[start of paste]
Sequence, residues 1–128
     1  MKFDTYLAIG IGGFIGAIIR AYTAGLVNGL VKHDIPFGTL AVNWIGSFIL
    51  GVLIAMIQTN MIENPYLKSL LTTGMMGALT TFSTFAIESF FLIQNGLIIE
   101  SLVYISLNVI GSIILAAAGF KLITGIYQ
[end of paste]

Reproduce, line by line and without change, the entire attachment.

Sequence, residues 1–128
     1  MKFDTYLAIG IGGFIGAIIR AYTAGLVNGL VKHDIPFGTL AVNWIGSFIL
    51  GVLIAMIQTN MIENPYLKSL LTTGMMGALT TFSTFAIESF FLIQNGLIIE
   101  SLVYISLNVI GSIILAAAGF KLITGIYQ